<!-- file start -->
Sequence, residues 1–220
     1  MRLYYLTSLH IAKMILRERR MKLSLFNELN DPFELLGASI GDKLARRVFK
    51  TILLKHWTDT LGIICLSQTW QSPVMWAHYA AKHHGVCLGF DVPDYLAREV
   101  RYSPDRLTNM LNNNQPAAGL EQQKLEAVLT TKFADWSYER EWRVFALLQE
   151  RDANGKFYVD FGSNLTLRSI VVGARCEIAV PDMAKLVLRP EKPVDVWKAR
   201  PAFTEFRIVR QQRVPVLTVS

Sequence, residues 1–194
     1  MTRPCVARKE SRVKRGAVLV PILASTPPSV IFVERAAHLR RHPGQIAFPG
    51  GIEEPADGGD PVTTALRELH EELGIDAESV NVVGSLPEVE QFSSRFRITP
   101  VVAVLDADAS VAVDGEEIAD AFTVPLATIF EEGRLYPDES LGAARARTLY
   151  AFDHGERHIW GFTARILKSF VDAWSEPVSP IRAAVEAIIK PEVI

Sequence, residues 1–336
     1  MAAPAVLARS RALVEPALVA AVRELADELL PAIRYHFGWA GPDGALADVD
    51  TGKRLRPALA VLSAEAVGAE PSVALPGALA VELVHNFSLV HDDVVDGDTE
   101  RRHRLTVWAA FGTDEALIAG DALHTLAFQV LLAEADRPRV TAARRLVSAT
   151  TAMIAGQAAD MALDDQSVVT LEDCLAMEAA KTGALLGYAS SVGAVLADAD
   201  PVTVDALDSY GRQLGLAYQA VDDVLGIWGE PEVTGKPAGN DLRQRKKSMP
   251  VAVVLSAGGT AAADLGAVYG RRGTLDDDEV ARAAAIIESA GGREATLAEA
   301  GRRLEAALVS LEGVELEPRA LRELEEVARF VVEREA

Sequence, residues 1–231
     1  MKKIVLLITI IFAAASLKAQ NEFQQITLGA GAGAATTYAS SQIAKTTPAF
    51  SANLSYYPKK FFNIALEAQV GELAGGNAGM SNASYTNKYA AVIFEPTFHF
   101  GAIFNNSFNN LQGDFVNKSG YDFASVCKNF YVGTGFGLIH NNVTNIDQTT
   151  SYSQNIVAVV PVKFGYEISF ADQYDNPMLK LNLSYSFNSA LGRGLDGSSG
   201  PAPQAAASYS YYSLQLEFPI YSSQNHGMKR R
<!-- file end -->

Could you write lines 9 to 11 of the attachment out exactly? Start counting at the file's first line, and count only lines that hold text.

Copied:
    51  GIEEPADGGD PVTTALRELH EELGIDAESV NVVGSLPEVE QFSSRFRITP
   101  VVAVLDADAS VAVDGEEIAD AFTVPLATIF EEGRLYPDES LGAARARTLY
   151  AFDHGERHIW GFTARILKSF VDAWSEPVSP IRAAVEAIIK PEVI